By Lynnley Browning
FORTUNE -- Time to dump your American passport -- and with it, presumably, your bothersome U.S. tax bill. The reason, international tax lawyers say, may have less to do with offshore tax evasion and more with a new generation of sophisticated -- and legal -- tax planning.
This year will enter the record books with the highest number of expatriations ever by U.S. citizens, according to new government figures released Wednesday. Even rock star Tina Turner, a long-time resident of Switzerland who got a full Swiss passport last April, is on track to relinquish her U.S. ties, her spokeswoman said.
Some 560 Americans joined the exodus in the third quarter of this year, putting the total number so far this year at 2,369, according to Treasury Department data published by the Federal Register. That is already 33% more than the 1,781 who left in all of 2011, the previous record.
While the number of people who gave up their little blue books in the first six months of this year had already edged out the 2011 record by a hair, the recent figures firmly cement the trend.
Ditching a passport can save an American lots of money in taxes. The reason: The U.S., along with Eritrea, is one of only two countries in the world to tax its citizens on their worldwide income, regardless of where they live or work. If you reside in, say, Geneva, you still owe the U.S. tax man money on income you earn there.
Turner's name -- her birth name is Anna Mae Bullock -- does not appear on the most recent Federal Register list. But Karin Rhomberg, a spokeswoman for Turner, confirmed in an email that the "Private Dancer" and "Simply the Best" singer was on track to relinquish her U.S. passport.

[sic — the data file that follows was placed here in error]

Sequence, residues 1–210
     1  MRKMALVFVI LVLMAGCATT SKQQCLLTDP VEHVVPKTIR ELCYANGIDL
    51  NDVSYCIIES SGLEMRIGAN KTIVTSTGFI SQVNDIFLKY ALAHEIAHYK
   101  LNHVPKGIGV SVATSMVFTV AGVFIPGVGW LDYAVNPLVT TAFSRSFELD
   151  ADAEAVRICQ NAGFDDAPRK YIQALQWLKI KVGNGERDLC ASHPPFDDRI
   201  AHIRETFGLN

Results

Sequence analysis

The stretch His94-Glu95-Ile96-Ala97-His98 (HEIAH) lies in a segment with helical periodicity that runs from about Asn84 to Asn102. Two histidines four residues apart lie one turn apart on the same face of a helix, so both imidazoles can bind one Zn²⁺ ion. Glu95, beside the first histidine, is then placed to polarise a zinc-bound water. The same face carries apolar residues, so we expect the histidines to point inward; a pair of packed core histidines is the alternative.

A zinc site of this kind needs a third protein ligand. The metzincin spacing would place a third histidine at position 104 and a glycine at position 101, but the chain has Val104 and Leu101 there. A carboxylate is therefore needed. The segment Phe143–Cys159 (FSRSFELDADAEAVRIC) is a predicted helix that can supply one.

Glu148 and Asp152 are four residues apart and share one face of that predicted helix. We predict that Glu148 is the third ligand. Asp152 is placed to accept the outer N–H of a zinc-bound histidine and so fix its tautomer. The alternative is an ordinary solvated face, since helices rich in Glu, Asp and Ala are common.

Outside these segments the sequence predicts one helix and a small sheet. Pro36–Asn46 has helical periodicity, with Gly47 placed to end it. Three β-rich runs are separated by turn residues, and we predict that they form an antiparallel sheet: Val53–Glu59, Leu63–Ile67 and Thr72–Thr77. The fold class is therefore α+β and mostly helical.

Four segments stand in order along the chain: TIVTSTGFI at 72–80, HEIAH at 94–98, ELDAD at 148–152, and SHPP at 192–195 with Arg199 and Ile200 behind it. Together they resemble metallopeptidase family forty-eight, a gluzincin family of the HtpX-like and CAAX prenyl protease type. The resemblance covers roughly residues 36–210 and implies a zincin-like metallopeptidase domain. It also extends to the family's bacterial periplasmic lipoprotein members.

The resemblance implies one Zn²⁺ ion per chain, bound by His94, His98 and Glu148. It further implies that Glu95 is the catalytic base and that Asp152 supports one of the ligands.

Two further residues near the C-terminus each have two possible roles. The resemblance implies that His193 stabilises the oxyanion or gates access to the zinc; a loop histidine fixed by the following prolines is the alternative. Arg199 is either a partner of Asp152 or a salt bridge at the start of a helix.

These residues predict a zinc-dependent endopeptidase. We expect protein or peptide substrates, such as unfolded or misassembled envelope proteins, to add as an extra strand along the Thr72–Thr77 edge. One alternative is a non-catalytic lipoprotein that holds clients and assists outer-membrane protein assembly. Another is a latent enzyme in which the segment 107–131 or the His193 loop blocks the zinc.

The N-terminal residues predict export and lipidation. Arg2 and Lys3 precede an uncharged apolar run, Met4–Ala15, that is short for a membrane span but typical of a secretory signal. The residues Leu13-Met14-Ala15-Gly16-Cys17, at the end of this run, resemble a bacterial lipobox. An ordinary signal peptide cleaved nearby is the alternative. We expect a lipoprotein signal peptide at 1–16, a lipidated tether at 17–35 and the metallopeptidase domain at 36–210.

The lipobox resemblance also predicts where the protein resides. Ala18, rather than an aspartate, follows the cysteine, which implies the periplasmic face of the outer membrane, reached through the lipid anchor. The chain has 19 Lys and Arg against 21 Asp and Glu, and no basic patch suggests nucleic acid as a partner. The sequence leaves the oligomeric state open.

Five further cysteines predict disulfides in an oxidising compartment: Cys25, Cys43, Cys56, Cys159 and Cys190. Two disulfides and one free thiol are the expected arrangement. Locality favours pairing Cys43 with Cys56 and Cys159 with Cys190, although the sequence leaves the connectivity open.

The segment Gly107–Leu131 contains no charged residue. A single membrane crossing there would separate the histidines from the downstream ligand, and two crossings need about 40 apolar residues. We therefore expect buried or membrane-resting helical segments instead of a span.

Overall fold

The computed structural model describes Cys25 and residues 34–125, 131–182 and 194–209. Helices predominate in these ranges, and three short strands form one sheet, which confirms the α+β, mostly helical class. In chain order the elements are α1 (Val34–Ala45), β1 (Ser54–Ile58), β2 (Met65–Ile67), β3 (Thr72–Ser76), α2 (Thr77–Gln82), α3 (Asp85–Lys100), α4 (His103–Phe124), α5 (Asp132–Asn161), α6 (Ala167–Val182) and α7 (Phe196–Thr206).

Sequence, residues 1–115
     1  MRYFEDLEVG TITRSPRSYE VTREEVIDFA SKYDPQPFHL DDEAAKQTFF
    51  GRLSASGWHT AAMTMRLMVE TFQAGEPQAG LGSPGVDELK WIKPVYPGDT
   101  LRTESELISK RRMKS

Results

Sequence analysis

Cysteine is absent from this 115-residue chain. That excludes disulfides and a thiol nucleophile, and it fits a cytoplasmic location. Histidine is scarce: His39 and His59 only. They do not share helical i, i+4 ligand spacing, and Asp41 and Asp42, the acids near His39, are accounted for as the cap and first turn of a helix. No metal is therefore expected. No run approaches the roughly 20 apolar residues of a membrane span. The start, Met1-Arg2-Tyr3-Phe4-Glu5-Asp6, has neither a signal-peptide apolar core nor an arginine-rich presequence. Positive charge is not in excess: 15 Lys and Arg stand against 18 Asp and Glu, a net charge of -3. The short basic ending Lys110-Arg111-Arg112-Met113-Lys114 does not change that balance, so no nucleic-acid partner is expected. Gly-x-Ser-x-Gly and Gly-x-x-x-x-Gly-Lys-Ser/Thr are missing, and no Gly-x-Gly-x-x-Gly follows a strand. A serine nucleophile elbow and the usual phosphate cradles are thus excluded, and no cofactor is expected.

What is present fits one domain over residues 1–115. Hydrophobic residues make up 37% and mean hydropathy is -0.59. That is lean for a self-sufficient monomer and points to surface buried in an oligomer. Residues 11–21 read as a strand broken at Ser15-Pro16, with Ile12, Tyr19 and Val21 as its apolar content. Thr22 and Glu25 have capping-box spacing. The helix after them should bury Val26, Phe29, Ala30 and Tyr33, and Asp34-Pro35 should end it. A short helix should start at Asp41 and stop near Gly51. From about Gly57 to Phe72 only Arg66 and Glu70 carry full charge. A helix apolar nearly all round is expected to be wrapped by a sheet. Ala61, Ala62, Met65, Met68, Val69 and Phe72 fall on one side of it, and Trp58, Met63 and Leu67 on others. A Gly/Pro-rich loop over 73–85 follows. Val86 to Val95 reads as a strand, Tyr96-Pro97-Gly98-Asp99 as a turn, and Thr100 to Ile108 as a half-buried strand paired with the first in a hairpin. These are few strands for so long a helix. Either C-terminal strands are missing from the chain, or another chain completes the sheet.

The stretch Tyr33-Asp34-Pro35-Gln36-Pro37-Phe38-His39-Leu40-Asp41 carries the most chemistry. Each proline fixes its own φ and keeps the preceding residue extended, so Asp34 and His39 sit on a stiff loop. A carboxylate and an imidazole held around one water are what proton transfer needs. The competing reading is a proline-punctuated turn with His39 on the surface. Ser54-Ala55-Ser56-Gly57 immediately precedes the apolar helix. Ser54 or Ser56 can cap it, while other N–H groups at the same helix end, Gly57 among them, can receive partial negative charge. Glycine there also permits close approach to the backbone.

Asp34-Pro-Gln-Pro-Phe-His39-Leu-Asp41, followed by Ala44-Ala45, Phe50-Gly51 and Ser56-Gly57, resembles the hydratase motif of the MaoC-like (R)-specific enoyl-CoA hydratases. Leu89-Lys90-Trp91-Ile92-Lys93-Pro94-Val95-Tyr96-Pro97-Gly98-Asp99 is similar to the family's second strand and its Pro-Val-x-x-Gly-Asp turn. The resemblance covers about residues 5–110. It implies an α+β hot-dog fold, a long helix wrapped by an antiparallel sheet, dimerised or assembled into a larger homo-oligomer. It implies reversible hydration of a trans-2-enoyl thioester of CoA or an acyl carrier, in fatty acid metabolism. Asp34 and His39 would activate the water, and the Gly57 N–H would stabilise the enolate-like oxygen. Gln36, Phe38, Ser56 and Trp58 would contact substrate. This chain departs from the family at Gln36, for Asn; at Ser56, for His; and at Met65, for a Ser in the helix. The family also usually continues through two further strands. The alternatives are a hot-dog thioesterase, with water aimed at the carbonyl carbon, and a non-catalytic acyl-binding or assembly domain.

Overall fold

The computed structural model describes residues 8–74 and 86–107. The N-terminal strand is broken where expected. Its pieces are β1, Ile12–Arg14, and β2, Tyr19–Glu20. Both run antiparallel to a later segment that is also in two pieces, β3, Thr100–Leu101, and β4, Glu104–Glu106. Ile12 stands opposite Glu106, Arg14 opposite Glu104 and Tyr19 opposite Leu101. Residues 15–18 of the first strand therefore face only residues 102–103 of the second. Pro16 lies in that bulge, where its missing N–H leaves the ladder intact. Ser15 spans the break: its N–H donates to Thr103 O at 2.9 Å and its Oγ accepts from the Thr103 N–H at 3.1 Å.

Turner acquired a full Swiss passport last April, Rhomberg said. At 73, the singer, who was born in Nutbush, Tenn., lives in Kussnacht, a wealthy enclave near Zurich, with her German-born husband.
The expatriation trend has grown by leaps and bounds in recent years amid a widening U.S. crackdown on offshore tax evasion through Swiss and Swiss-style banks. Even the U.S. Embassy in Bern has a "renunciations" tab on its website.
Many of those who dump their passports have dual citizenships in other countries, such as Switzerland or Canada, immigration lawyers say. But increasingly, an onerous new U.S. Treasury rule known as Fatca is prompting smaller and mid-sized foreign banks in countries where Americans live and work to dump their American clients.
The rule, which goes into effect next July, requires foreign banks to identify and scrutinize Americans with accounts containing at least $50,000 and either report those accounts to U.S. tax authorities or withhold 30% of dividends, interest, and other payments and send that money to the U.S. Treasury. The law, widely hated by Americans living and working abroad, has made it tough to do simple financial things abroad.
"Local banks don't like dealing with Americans, so it makes it harder for Americans abroad to live normal lives," said Phil Hodgen, an international tax lawyer in Pasadena, Calif. Marylouise Serrato, the executive director of American Citizens Abroad, a Geneva-based lobby for expats, said recently in an email that "individuals with legitimate need of banking services will be locked out" of many foreign countries.
One new trend has emerged: U.S. passport renunciations by dual nationals who build family businesses in other countries that do not have estate taxes.
"Americans are realizing that their businesses are likely to be torn apart by the U.S. estate tax even if that business never touched the U.S.," Hodgen said, citing as an example a dual citizen who owns a construction company in Saudi Arabia. An owner who wants to pass his company on to his heirs will also sock them with a 40% estate-tax bill, due to his U.S. citizenship.
"You're going to see tons of people waking up to this," Hodgen said.
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